These older systems employed a single PID loop that was a compromise giving you the best control from full roll to core (because a larger roll requires more gain than a smaller roll). If the system worked at a 10:1 roll build as it was designed (30 inch full roll and 3 inch core), odds are it will not work for the larger 20:1 roll build of the modification (60 inch full roll and 3 inch core).

Even retuning the PID loop will most likely result in very sluggish control at full roll and instability at core. The result will be the inability to run all the way to core before the web becomes unstable. If you are throwing away material because you cannot run all the way to the core, you need to keep reading.

The answer is gain scheduling. Today’s closed-loop tension controls offer the ability to have PID parameters at full roll with enough gain to deal with any transients in tension and a completely different set of control parameters at core with enough reduction in gain to keep your system stable. These parameters automatically adjust to give you optimal control all the way through the roll as the diameter changes.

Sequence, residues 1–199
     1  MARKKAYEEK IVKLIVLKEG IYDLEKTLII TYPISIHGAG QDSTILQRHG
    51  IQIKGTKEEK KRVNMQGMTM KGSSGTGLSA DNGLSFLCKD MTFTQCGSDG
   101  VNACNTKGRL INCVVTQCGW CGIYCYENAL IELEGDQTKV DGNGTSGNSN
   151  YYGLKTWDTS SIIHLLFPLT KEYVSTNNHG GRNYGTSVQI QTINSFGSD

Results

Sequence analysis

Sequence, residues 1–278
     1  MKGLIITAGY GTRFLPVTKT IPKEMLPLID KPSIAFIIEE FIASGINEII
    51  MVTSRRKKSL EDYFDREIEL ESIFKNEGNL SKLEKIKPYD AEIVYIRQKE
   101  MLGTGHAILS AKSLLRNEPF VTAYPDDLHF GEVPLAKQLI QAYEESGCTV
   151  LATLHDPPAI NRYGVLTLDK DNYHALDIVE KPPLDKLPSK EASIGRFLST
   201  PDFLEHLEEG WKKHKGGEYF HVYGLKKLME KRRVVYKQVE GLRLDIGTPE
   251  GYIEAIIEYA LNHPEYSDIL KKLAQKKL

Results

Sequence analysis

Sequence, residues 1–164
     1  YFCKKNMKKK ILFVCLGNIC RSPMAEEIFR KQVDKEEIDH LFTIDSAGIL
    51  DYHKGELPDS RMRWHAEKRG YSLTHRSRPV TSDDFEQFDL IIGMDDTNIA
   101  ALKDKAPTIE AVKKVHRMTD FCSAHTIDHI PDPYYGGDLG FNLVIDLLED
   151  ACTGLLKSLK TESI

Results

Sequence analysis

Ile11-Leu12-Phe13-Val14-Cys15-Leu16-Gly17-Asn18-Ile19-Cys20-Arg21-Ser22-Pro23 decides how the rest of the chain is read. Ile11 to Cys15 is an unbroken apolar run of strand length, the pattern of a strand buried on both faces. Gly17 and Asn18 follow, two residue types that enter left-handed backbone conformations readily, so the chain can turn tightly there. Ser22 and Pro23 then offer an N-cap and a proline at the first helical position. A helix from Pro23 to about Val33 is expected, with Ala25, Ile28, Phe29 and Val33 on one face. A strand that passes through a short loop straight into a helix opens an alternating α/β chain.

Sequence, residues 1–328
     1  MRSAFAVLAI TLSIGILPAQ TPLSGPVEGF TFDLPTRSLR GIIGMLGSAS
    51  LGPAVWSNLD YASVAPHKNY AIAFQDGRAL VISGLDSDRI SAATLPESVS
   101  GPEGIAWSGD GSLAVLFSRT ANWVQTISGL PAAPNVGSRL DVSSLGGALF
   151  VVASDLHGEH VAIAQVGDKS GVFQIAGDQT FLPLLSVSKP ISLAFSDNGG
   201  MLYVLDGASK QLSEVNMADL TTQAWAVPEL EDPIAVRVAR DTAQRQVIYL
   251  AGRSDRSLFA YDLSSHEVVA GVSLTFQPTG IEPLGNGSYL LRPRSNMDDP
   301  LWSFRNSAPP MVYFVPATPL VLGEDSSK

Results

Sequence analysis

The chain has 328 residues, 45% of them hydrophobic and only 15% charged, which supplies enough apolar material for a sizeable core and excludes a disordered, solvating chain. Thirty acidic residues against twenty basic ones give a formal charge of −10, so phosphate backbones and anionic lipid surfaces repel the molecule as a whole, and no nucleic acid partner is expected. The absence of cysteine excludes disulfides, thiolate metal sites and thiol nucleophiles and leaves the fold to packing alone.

The technology of tension control has changed greatly and will continue to evolve as will the needs of the market. The capabilities of the newest tension controls have made them easier to use and easier for customers to run the best product possible as efficiently as possible.

Darrell Whiteside is the Tension Control product manager for MAGPOWR. He joined the company to facilitate international sales in 1999 and was quickly promoted to his current position. He travels extensively to gain exposure to varying tension applications in an effort to continuous champion new tension technologies. Whiteside holds a BS in Industrial Science with an emphasis on electronics and robotics from Northeast Missouri State University. Darrell can be reached at dwhiteside@maxcessintl.com.